II SS Panzer Corps

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II SS Panzer Korps
ActiveJuly 1942 – 8 May 1945
Country Germany
Branch Waffen-SS
TypePanzer Korps
RoleArmoured warfare
EngagementsWorld War II

The II SS Panzer Corps was a German Waffen-SS armoured corps which saw action on both the Eastern and Western Fronts during World War II. It was commanded by Paul Hausser during the Third Battle of Kharkov and the Battle of Kursk in 1943 and by Wilhelm Bittrich on the Western Front in 1944.

World War II[edit]


The II SS Panzer Corps was formed to take command of SS Division Leibstandarte, SS Division Das Reich, and SS Division Totenkopf[citation needed] in July 1942 as the SS Panzer Corps. In August, it was sent to northern France before taking part in Case Anton, the occupation of Vichy France in November, during which it captured Toulon. In early February 1943, the corps, under the command of SS-Obergruppenführer Paul Hausser, was attached to Army Group South in Ukraine and participated in the Third Battle of Kharkov.[1]

The corps was renamed II SS Panzer Korps in June 1943,[1] after the I SS Panzer Korps was created during that same month. In July 1943, the corps took part in the failed Operation Citadel, spearheading the 4th Panzer Army's attack in the southern sector. The Korps' three SS divisions were involved in the Battle of Prokhorovka at the edge of the German penetration into the salient. After the operation was canceled in light of its failure, the corps was ordered to the Italian front in August.[1] Only one division, the Leibstandarte ended up being transferred, along with the Korps personnel. The remaining combat divisions remained on the Eastern Front to deal with the developing threats from the Soviet Belgorod-Kharkov Offensive Operation. Leibstandarte took part in operations to disarm Italian troops.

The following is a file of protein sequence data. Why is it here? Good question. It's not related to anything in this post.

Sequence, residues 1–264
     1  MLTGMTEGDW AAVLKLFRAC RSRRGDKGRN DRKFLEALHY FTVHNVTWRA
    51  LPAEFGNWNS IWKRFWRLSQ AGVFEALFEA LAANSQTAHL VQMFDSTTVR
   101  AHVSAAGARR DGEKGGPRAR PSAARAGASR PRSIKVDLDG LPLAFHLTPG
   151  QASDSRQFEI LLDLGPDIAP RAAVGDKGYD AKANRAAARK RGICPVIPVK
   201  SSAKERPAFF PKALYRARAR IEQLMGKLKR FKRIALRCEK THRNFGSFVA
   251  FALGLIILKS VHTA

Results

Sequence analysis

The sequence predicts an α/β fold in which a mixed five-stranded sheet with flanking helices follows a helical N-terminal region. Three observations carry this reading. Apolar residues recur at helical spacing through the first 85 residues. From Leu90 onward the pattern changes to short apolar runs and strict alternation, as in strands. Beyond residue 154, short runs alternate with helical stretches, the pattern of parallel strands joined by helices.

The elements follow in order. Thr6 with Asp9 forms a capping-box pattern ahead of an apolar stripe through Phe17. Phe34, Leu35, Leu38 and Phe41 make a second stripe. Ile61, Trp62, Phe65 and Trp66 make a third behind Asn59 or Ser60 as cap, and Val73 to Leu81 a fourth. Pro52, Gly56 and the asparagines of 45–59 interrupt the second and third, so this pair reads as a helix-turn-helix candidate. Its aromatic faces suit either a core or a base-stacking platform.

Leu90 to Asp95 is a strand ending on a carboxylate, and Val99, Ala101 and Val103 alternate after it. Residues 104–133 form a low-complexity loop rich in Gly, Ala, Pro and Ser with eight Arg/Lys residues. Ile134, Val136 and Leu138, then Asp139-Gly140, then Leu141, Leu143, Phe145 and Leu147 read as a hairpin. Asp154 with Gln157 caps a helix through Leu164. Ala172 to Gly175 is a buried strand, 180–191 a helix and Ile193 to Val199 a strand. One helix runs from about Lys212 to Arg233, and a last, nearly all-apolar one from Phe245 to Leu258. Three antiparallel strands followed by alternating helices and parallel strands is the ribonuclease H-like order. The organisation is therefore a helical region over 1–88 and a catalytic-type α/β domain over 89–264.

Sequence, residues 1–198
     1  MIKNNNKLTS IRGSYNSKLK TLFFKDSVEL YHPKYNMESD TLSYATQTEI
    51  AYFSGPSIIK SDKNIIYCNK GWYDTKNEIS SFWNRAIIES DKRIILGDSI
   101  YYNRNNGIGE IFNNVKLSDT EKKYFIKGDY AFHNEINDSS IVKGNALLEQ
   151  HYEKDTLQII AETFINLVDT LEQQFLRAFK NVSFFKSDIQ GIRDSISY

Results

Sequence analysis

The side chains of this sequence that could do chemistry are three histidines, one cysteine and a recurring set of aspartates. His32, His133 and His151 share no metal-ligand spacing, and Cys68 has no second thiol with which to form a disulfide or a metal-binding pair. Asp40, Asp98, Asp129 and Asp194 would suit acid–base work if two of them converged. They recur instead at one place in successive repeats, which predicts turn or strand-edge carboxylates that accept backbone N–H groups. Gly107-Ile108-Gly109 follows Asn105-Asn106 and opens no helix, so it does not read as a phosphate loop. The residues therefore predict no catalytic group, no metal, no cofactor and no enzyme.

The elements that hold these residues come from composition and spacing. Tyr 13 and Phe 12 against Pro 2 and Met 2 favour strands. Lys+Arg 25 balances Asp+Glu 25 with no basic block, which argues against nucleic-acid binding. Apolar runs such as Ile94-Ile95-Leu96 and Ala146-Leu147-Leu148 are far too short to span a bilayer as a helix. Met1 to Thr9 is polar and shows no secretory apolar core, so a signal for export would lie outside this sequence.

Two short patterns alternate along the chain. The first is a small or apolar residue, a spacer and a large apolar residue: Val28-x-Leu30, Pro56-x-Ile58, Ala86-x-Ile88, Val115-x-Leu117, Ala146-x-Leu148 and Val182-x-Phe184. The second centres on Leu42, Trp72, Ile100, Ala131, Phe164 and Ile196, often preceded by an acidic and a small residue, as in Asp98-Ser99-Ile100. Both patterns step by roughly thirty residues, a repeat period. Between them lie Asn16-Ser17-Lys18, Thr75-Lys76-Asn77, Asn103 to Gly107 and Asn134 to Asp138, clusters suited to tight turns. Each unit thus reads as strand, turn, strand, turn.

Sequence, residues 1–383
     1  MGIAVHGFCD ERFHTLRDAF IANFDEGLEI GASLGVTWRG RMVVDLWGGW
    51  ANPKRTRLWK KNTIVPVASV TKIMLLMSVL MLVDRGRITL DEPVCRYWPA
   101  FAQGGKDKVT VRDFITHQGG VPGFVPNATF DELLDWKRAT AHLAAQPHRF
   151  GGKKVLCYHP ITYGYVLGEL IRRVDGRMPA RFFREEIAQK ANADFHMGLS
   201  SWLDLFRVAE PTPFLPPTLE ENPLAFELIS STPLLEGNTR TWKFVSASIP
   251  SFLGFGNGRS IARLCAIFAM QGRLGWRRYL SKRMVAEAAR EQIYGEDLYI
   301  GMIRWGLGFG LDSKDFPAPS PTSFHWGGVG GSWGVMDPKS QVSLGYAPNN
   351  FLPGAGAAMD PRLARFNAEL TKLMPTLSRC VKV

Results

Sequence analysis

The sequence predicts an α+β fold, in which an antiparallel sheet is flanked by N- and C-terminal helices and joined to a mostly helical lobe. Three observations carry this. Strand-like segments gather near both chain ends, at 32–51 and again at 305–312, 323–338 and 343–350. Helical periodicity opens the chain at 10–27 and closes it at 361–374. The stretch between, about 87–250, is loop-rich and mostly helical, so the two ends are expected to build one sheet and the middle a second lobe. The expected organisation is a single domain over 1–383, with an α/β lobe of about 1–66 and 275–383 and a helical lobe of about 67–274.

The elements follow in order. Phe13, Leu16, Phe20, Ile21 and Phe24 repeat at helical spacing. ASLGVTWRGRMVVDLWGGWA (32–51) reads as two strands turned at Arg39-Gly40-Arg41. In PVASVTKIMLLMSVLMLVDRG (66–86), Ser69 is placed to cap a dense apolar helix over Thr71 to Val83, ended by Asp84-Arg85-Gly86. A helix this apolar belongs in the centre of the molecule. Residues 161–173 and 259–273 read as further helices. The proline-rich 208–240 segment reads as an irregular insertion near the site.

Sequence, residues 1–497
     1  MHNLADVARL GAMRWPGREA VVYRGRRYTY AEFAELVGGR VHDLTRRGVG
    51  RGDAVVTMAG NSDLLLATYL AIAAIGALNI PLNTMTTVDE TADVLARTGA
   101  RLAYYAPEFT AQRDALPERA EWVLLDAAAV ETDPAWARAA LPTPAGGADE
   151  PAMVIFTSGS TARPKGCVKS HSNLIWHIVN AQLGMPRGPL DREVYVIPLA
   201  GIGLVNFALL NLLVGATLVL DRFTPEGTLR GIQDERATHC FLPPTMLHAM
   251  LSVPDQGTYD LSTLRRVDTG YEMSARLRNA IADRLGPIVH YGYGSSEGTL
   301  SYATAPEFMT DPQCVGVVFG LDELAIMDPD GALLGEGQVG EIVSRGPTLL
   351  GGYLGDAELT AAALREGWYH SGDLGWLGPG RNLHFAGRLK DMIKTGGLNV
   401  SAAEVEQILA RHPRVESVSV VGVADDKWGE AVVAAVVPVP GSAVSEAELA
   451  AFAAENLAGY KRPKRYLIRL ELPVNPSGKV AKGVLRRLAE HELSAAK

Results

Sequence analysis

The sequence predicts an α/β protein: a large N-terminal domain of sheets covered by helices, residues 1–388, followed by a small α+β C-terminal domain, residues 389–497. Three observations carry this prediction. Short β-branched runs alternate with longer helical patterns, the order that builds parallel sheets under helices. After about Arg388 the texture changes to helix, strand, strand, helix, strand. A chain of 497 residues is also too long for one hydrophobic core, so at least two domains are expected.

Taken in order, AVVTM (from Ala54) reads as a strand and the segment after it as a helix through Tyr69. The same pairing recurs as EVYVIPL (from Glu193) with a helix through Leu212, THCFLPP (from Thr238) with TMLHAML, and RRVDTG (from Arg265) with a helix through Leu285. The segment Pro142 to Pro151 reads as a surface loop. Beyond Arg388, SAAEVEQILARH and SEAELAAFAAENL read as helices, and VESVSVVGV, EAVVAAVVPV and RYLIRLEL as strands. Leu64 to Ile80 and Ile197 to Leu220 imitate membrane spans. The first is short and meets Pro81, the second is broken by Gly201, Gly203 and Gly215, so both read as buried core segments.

Between 20 September and 20 of November 1943 the Korps conducted operations against Yugoslav Partisans in order to establish a connection with Army Group F in the Balkans and to secure communications east and northwards from Trieste and Rijeka. In these operations, according to the Korps Headquarters' Medical Department, the Korps suffered total losses of 936 men.[2] According to Croat authors, in the first phase against partisans on Istrian peninsula (Unternehmen Istrien), some 2000 partisans and 2000 civilians were killed by German forces, and additional 1200 were arrested, with some 400 transported to concentration camps.[3] In November, 1943, Leibstandarte returned to the Soviet Union, with the Korps remaining in Slovenia, Istria, and Northern Italy.


In January 1944, the Korps was ordered to the Alençon area of France[1] to refit.

In March 1944, during the Soviet Dnieper-Carpathian Offensive in the Ukraine, the entire 1st Panzer Army, numbering over 200,000 personnel, was encircled by the Red Army in the Kamenets-Podolsky Pocket. This encirclement was the largest catastrophe facing the Wehrmacht since Stalingrad, which would precipitate the collapse of the entire southern sector of the German Eastern Front.[4] Faced with a prospect of a new Stalingrad before the Allied invasion of France would even begin, Hitler was forced to yield to Erich von Manstein's demands for powerful reinforcements that would de-blockade the 1st Panzer Army. As reinforcements, he provided the entire II SS Panzer Corps (with the 9th and 10th SS Panzer Divisions) from France in April 1944, as well as divisions from the Balkan Theatre of Operations.[5] Designated as the "Hauser Attack Group", they were commanded by Hauser.[6] This was the first major transfer of forces from France to the East since the creation of the Führer Directive 51, which no longer allowed any transfers from the West to the East.[7] It played the main role in de-blockading the encircled 1st Panzer Army in the Kamenets-Podolsky Pocket.